What Are Some Government Regulations For Businesses?
All businesses are required to follow federal, state and local statutes as well as regulations. Different government regulations apply on your business depending on the industry, legislative body and regulatory agency. For example, some may be related to tax and others may be about waste disposal.
Whether you're a new business or an experienced business owner thinking about the number of regulations that may apply can be overwhelming and confusing. But it is not as bad as it seems. Knowing what to look for and where to look for it can make a world of difference. We have made a list that breaks down the most common kinds of regulations for businesses to help you reach relevant authorities properly.
1. Tax Code
The first government regulation that any business owner comes across is tax. But of course, there's more to tax than just paying it. You should know which tax to pay as well as when and how to minimize the amount of stress that surrounds paying taxes.
Every business registered in America has to pay federal taxes. Depending on the state you may have to pay state tax. It’s inevitable to not pay them and it comes at a heavy price. With heavy fines and a possibility of jail time. It is vital that small businesses keep these taxes in mind while planning their budget or applying for small business loans.
Keep in mind that equipment leasing and property leasing may allow you to expense the full payment from pre-tax income, whereas if you purchase equipment or a building, you may only be able to take the depreciation credit. It’s recommended to consult with your local tax professional to determine if your lease or finance purchase qualifies for what tax exemptions. There are also helpful articles on the IRS’ website that clearly lay out rules and regulations regarding the Tax Cut and Jobs Act of 2018. Specifically, there are also certain types of equipment purchases that qualify for temporary 100 percent expensing (first year bonus depreciation) should the piece of equipment be placed into service Sept. 27, 2017, and before Jan. 1, 2023.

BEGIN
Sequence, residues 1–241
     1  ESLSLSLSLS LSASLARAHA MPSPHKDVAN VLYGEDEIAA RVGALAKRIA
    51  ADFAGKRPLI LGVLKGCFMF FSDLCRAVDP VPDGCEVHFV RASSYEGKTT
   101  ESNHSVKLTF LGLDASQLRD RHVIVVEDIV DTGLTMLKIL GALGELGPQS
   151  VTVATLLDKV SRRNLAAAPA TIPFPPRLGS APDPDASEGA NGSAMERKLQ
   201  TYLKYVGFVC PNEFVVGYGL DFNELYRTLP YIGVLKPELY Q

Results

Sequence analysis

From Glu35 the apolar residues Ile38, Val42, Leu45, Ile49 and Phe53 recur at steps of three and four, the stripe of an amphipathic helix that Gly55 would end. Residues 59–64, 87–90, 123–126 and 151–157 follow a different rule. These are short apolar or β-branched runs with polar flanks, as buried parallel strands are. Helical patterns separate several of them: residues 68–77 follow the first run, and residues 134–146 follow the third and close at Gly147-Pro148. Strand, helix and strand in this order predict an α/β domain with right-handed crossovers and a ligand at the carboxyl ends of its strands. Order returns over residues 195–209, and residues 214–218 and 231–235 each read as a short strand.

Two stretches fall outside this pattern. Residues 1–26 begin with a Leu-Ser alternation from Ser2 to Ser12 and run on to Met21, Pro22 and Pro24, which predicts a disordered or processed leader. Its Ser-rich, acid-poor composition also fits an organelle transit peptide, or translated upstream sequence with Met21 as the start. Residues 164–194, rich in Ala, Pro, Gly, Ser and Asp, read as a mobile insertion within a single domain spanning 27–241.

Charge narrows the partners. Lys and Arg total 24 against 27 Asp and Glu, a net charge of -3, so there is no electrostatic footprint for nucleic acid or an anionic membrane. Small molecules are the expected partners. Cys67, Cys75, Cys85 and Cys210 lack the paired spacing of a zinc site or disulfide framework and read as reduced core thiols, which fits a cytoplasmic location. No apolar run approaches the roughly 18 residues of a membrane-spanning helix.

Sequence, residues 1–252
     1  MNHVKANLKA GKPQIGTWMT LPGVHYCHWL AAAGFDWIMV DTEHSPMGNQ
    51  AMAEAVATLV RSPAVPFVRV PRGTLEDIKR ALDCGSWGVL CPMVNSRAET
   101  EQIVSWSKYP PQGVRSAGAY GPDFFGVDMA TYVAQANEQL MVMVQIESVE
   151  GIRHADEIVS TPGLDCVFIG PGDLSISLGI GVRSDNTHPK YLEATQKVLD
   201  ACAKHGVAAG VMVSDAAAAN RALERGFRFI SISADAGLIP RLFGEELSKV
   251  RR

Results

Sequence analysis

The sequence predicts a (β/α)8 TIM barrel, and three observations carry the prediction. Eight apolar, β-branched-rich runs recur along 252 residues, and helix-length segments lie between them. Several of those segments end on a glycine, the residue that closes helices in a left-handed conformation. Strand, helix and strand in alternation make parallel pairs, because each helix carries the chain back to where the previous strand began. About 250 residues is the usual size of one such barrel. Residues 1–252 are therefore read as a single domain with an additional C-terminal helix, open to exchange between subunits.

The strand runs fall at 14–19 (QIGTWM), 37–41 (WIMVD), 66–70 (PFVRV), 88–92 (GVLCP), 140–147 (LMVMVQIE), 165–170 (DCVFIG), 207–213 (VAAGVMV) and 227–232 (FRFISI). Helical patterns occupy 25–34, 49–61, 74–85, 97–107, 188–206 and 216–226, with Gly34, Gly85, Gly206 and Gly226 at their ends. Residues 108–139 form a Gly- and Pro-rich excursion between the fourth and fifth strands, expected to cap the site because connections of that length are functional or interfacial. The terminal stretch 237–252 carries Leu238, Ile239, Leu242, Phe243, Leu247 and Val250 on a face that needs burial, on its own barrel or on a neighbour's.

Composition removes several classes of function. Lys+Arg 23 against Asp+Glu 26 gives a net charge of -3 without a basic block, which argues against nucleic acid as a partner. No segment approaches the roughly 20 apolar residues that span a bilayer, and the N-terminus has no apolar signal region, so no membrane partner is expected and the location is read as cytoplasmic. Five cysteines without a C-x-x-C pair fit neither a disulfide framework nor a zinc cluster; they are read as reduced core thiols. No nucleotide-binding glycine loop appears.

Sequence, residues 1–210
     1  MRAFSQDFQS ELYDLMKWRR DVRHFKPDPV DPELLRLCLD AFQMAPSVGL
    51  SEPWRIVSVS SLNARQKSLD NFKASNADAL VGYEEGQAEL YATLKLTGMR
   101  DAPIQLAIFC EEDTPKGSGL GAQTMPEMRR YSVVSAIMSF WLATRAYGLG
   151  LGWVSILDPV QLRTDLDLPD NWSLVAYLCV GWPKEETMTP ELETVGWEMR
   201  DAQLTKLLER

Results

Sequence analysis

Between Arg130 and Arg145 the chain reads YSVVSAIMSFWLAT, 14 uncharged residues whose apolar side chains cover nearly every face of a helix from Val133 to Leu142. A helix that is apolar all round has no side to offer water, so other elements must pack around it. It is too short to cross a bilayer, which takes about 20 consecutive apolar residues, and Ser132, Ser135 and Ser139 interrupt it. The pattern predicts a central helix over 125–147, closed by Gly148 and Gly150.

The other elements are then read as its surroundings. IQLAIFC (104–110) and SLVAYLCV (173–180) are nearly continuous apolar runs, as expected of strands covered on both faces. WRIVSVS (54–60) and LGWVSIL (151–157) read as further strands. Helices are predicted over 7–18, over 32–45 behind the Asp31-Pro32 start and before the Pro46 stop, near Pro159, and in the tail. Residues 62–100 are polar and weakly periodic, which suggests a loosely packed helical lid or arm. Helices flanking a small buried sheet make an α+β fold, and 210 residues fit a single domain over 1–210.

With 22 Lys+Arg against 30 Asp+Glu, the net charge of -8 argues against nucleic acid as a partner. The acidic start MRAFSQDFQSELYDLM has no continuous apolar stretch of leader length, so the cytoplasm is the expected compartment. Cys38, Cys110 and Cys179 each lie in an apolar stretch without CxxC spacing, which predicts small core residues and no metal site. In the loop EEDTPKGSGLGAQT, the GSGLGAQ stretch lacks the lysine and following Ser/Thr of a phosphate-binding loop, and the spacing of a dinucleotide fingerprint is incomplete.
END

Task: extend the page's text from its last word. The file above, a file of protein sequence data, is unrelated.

Depending on how you have set up your business will change the kind of taxes you will pay. For example, corporations pay taxes differently than sole proprietorships.
Here is a list of the different kinds of taxes that may apply to you and your business:
- Income Tax: All businesses have to pay income tax and then file a tax return at the end of the year
- Estimated Tax: This is a substitute for paying income tax throughout the year as your company earns money and company shareholders usually pay this tax if they expect to owe more than $1000 once they file their return
- Employment Tax: Companies with permanent employees are expected to pay taxes for staff on their payroll
- Excise Taxes: This tax is paid when your business buys a specific good and usually the tax is included in the price
- Sales Tax: Businesses that sell physical goods have to collect sales tax from customers and submit them directly to their state’s revenue department
2. Employment And Labor Law
Many federal and state laws are there to regulate businesses that employ workers and contractors. Different laws apply to businesses depending on the type of employees they hire whether W2 workers or 1099 contractors. You can read more about them here. But the most common labor laws that business owners come across are regarding:
- Health and Safety
- Equal Opportunity Hiring
- Foreign Workers
- Employee Benefit
- Labor Unions
- Family and Medical Leave
3. Antitrust Laws
To protect customers from conspiracies between market competitors there are antitrust laws. The antitrust laws cover the following areas:
- Fixing Market Prices: Making deals with competitors to affect the prices of goods and services